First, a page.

Overcome by tears, the mother of a Fort Benning fire inspector who was fatally shot by police called on District Attorney Julia Slater to clear her son's name.
"I'm hurting, I'm tired and I'm tired," Michael Love told neighbors and supporters from the steps of 2907 Gardenia St. where Tony Carr lived. "I'm tired. You hear me."
Love joined about 15 people in the Midtown yard Friday for a prayer vigil more than a year after the 34-year-old Carr was shot twice by Columbus police Officer Vincent Lockhart Jr. The encounter occurred shortly after police chased bank robbery suspect Alrahiem Tolbert from the MEA Federal Credit Union on Macon Road, and Tolbert tried to take the work truck Carr had driven home to let out his dog.
Love said the district attorney told her during a conference call she was going to announce a decision to take the case to the grand jury. The news of that announcement changed after Love arrived in Columbus on Thursday and met with Slater at a downtown motel, Love said.
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"She said she was going to announce she was taking it to the grand jury, but we had a meeting yesterday and she decided she is not," Love said. "She has to evaluate some more. She already got three investigations and thousands of pages, which don't make sense."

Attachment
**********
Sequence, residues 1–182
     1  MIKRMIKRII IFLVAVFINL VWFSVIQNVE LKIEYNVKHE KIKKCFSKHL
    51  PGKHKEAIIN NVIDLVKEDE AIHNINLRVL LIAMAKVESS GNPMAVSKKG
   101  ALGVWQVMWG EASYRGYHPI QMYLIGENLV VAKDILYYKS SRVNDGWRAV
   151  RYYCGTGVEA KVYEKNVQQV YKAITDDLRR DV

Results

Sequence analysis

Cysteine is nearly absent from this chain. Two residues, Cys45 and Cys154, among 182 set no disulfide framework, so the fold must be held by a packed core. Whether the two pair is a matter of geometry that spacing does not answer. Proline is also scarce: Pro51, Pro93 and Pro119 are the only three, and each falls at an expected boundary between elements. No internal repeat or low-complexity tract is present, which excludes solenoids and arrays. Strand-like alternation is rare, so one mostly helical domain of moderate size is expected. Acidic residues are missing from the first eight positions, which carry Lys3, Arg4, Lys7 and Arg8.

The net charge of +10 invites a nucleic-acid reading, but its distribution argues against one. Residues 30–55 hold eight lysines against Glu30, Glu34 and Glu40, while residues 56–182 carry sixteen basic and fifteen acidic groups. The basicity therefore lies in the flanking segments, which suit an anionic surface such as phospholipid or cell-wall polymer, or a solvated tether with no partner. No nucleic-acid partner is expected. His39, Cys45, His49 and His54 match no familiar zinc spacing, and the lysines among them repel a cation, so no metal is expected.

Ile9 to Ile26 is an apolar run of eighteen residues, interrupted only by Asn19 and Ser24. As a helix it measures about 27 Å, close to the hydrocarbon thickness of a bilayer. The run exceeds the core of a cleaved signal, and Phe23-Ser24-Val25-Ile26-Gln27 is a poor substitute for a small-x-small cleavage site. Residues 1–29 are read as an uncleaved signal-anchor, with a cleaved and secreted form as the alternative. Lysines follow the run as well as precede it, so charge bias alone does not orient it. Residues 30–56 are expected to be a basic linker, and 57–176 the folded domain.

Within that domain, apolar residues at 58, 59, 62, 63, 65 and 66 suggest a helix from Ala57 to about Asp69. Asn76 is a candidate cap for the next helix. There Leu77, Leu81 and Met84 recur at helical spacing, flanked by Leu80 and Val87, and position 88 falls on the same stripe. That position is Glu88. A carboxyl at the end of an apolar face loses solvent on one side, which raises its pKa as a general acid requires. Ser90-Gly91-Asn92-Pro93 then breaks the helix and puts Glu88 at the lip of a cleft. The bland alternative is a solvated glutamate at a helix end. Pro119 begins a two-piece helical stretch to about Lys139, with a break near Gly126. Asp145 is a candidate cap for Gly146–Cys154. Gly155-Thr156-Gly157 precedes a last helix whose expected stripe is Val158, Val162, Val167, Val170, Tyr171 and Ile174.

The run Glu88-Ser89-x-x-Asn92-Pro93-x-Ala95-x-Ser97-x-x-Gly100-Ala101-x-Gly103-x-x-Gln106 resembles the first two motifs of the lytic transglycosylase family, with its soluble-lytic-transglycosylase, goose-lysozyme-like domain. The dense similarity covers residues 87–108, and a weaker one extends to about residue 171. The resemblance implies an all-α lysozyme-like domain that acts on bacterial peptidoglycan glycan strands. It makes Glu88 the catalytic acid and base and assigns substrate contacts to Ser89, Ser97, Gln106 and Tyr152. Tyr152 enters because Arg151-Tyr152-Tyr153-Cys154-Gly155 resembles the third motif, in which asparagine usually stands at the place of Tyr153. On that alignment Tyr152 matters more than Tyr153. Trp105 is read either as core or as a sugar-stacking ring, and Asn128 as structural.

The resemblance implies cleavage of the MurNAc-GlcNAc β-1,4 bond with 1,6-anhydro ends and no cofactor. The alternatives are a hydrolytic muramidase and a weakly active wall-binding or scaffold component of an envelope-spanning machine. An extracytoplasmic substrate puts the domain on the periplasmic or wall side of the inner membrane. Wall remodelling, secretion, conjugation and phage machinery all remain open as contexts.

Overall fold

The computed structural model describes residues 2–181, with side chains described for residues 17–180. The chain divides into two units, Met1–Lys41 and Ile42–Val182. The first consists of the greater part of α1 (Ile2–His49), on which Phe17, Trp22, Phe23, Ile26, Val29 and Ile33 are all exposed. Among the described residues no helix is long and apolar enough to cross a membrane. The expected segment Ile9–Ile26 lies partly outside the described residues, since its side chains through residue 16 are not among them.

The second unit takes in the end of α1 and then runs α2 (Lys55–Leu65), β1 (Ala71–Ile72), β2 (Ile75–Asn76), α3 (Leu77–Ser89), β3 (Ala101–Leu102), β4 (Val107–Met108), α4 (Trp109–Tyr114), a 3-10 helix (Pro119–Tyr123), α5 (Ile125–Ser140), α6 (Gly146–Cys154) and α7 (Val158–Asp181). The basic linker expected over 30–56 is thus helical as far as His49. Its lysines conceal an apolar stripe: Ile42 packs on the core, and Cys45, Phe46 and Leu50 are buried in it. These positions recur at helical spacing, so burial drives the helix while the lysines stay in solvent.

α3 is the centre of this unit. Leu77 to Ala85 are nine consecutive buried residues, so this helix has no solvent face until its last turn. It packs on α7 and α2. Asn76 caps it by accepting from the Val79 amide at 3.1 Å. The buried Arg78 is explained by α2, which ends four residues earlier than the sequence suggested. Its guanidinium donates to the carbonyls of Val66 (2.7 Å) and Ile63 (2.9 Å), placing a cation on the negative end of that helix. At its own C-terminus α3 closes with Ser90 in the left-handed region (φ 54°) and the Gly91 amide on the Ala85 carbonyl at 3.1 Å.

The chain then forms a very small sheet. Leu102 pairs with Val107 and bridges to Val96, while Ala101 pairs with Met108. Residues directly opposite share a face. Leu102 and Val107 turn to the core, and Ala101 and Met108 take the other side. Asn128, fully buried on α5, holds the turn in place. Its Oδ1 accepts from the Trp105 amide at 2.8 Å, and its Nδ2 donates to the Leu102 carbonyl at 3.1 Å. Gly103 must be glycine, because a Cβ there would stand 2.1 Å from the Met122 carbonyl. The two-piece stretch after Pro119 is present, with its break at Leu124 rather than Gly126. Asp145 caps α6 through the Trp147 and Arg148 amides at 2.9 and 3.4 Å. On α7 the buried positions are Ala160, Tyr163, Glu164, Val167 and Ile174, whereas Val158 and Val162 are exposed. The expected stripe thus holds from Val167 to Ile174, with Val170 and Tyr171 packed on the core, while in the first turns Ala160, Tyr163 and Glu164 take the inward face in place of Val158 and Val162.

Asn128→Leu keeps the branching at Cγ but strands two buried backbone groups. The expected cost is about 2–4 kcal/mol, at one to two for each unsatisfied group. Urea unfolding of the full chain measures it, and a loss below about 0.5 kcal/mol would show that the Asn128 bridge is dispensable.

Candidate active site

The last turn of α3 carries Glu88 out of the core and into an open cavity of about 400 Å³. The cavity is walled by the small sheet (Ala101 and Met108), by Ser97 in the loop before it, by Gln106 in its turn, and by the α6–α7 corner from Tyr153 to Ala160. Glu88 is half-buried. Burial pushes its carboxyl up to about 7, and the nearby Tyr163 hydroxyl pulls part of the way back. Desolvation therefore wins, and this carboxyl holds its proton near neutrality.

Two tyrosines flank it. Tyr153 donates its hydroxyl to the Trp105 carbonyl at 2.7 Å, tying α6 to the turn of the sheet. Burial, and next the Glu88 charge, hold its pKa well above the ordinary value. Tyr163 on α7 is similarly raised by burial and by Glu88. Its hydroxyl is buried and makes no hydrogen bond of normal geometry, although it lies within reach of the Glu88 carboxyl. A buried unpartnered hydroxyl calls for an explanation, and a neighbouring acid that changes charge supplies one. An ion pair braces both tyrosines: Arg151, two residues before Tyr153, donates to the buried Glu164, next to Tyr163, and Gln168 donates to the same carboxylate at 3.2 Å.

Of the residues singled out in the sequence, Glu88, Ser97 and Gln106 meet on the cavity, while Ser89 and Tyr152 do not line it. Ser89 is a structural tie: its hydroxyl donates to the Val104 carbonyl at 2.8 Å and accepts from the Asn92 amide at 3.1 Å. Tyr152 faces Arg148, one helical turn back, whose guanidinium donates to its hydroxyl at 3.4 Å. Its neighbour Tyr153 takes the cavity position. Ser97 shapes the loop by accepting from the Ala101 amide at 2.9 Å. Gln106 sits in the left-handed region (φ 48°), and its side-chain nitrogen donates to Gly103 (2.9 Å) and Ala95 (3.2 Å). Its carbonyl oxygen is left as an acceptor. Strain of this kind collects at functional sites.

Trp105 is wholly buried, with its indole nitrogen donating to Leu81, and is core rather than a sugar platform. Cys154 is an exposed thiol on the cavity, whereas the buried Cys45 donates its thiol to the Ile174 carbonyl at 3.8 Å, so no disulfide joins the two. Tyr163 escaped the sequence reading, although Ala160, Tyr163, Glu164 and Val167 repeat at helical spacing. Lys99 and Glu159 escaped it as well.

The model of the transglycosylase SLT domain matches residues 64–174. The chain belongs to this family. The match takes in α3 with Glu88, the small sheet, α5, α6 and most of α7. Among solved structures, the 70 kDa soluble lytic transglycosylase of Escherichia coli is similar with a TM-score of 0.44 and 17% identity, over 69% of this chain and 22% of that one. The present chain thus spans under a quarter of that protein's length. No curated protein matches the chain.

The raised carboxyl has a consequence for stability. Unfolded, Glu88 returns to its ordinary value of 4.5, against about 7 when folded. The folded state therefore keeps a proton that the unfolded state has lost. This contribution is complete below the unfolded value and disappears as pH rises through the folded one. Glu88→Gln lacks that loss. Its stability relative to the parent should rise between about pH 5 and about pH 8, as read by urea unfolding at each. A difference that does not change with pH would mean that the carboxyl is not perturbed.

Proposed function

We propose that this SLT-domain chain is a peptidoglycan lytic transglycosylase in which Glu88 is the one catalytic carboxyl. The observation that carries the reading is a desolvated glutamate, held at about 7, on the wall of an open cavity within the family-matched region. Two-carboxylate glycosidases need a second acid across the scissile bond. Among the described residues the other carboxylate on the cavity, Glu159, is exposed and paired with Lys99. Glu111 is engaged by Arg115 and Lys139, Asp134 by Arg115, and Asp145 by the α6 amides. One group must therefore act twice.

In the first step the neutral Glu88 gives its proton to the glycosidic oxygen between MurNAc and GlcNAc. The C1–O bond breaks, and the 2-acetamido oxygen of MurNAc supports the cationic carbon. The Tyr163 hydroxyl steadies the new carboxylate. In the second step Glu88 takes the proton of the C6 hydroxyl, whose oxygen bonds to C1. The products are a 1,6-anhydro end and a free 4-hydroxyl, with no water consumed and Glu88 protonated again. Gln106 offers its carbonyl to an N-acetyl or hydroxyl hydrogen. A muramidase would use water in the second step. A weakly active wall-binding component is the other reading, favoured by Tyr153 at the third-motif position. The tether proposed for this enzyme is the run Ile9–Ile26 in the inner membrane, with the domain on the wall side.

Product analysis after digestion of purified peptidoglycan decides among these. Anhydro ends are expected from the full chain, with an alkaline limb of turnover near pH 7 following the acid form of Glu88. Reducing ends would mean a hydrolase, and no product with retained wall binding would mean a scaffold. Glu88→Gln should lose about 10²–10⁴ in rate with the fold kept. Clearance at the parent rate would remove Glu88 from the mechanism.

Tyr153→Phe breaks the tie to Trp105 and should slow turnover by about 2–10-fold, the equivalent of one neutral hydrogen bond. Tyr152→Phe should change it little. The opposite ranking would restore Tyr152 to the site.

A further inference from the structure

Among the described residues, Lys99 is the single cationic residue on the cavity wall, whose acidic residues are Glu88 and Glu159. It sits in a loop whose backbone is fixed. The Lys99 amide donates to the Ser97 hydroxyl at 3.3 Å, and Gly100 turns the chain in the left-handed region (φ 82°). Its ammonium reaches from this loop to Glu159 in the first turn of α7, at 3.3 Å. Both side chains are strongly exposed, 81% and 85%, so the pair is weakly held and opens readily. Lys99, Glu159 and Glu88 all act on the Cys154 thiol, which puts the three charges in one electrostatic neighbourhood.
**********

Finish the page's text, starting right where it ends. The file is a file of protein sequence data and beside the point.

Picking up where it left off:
Slater could not be reached for comment late Friday.
Nate Sanderson, president of the local branch of the NAACP and who was at the hotel meeting, confirmed Slater said the case "hit a snag."
A probe by the Georgia Bureau of Investigation was forwarded to Slater's office on Nov. 21, 2011.
Love said she wouldn't have come to Columbus from North Carolina unless she understood the case was going to the grand jury, she said.
"That was the purpose of me coming or I would have stayed away," she said. "Yesterday she told me she wasn't going."
The death of Carr has taken him away from his three children and his siblings. He was a hard worker who traveled to Afghanistan, Quatar, and Kosovo, his mother said.
"I'm asking you who in God's earth wears their name tag where they work in their driveway and be stupid enough to rob a bank?" Love asked. "My son, I taught him better."
Love said she wants the district attorney and the police chief to clear her son's name.
The group sang a hymn and listened to prayers from the Revs. Richard Jessie, Alonza Whitaker and Sanderson.
Whitaker, who is also Slater's chief assistant district attorney, said he was present as a pastor for the vigil and not in his work capacity.